Search Engine Guide

With an estimated size of 100 million "pages" (and the prospect of doubling in size every four months), the World Wide Web is not an easy tool to use effectively. Add to this all of the other Internet resources (e-mail, mailing lists, ftp sites, Gophers, Usenet News groups), and it is easy to be overwhelmed by this medium. In an effort to bring some order to this potential chaos, many companies and Web sites are now offering ways of organizing and searching the Internet subject directories and search engines.

Subject Directories:
For searches of a more "general" nature (searches where you really want a broad spectrum of responses), the simplest and best facility to use is a subject directory. A subject directory is a hierarchical menu of sites, organized by subjects categories (Arts, Entertainment, Health, Business, etc.) to help you immediately narrow your search parameters and find information quickly.

The most commonly recommended directory is Yahoo, a scheme developed by a couple of Stanford graduate students to keep track of their own personal interests and Internet addresses. It was so popular that it has grown into a major commercial enterprise. Like most subject directories, the Yahoo database is compiled by people, not software, who help collect, describe, and organize sites that they discover or have been submitted by resource owners. Netscape Navigator provides you with an easy link to Yahoo if you click on the NET DIRECTORY button.

Web Database Search Engines:
The popularity of search engines is growing at a tremendous rate - and so are the number of such services. Over 60+ search engines are now available on-line. A search "engine" is just software that performs a search for you and organizes the results. Unlike subject directories, these search engines rely on databases constructed automatically by software "robots" that roam the network and collect information. What distinguishes one search engine from another is how complete its database is and how good the search engine software is at locating what you need and presenting it you in a effective manner.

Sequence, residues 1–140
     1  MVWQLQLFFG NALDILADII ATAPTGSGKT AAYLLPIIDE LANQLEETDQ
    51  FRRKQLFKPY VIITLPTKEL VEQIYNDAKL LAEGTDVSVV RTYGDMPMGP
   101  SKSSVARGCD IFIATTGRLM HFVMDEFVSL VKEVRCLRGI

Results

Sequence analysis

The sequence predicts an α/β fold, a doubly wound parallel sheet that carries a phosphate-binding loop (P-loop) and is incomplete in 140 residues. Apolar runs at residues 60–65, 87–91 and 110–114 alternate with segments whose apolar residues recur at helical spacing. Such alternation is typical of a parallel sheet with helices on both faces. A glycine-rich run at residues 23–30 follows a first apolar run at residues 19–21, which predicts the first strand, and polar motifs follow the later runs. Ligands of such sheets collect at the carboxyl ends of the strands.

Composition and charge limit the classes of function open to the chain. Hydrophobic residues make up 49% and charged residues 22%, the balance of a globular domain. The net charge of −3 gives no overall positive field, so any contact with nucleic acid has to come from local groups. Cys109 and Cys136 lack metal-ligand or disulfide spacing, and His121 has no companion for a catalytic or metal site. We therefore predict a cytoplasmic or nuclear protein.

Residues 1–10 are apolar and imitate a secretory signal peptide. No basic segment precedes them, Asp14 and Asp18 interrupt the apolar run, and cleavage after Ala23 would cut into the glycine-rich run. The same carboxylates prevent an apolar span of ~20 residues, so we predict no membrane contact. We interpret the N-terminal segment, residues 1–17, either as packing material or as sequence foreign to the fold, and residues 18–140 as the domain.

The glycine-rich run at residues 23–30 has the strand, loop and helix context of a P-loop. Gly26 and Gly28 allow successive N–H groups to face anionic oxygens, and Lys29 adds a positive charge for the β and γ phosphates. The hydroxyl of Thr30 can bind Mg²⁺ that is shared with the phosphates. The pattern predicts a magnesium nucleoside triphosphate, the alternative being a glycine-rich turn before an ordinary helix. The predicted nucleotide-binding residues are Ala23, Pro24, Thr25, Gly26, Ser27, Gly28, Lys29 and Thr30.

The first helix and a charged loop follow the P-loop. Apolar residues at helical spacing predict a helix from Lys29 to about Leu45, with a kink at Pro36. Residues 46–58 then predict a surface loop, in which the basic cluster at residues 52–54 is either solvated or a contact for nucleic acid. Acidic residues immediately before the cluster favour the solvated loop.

The choice of a search engine is really a personal, idiosyncratic matter. You will undoubtedly form your own opinion as to a search engines effectiveness according to your own experiences with it. You may consistently have great success with Lycos, for example, whereas a colleague in another discipline may prefer Alta Vista. Each engine offers slightly different features. For example, some include Usenet News groups in their searches, some do not. Some will allow you to use Boolean operators in defining your search, some do not. Most importantly, each search engine encompasses different areas of the Internet in its database, in different ways, because they indexing techniques vary from engine to engine. For example, some search engines only collect URLs, while others collect the full-text of each home page.

Meta Search Tools:
A "metasearch" allows you to send a single query to multiple databases simultaneously. It then organizes the search results for you. While in concept the metasearch offers great convenience and efficiency, most metasearch sites are far from perfect. However, they are the tools to watch as they will surely be refined as the demand for more sophisticated search tools grows.


Be precise: When searching the web, it is easy to get overwhelmed or lost if you are not careful. When copying down a URL, be sure to be exact. One missing symbol, character or punctuation mark and the address will not work. Be careful with upper- and lower-case letters. Often servers are case sensitive, so any deviations can cause you problems. Likewise, when you do web searches try to refine your search terms as much as possible. By doing so, you will not be overwhelmed by the number of responses. See refining your search for more information.

Be skeptical: Although you can find a lot of good information on the Internet, you will also find a lot of misinformation. Unlike many media resources (TV shows, newspapers, radio programs, magazines, and journals) that regulate information through editors, lawyers, and fact checkers, anything can be published by anybody on the Internet. The key is to evaluate carefully the information that you find. Also try to confirm the information you find by backing it up with another source.

Be prepared for change: The Internet is a place of rapid change. A resource you find one day may be gone the next. Thus it is important to keep good notes and to save the information you find. You can use the “File” menu on your browser to save pages as well as “cut and paste” information from pages.

Be persistent: Research is difficult and time consuming. It always takes two to three times longer than you think. Likewise, you will run into many obstacles and dead-ends. You will sometimes find nothing and sometimes get overwhelmed. The two keys to being a good researcher are having patience and keeping at it.

Be Curious: A good researcher has fun and always takes one more look. As hard as we might prepare and study before attempting research, often the best information is found by accident.

Be fair: The point of research is to find information that others have worked hard to develop and create. Be careful to document where your find your information and give credit to those who deserve it.